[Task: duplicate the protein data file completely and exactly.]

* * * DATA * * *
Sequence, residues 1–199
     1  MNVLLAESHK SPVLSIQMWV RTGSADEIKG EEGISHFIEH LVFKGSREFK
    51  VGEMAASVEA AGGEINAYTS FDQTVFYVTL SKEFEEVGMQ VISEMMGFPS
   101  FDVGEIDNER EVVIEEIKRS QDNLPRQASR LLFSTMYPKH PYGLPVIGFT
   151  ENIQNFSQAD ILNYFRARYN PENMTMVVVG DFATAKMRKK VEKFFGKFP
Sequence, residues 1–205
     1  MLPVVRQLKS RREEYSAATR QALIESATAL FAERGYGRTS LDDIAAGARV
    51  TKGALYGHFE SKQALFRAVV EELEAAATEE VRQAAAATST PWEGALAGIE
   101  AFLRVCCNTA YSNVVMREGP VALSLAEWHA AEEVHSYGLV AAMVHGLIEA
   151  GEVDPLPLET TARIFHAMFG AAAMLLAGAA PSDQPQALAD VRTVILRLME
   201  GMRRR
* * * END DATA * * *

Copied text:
Sequence, residues 1–199
     1  MNVLLAESHK SPVLSIQMWV RTGSADEIKG EEGISHFIEH LVFKGSREFK
    51  VGEMAASVEA AGGEINAYTS FDQTVFYVTL SKEFEEVGMQ VISEMMGFPS
   101  FDVGEIDNER EVVIEEIKRS QDNLPRQASR LLFSTMYPKH PYGLPVIGFT
   151  ENIQNFSQAD ILNYFRARYN PENMTMVVVG DFATAKMRKK VEKFFGKFP
Sequence, residues 1–205
     1  MLPVVRQLKS RREEYSAATR QALIESATAL FAERGYGRTS LDDIAAGARV
    51  TKGALYGHFE SKQALFRAVV EELEAAATEE VRQAAAATST PWEGALAGIE
   101  AFLRVCCNTA YSNVVMREGP VALSLAEWHA AEEVHSYGLV AAMVHGLIEA
   151  GEVDPLPLET TARIFHAMFG AAAMLLAGAA PSDQPQALAD VRTVILRLME
   201  GMRRR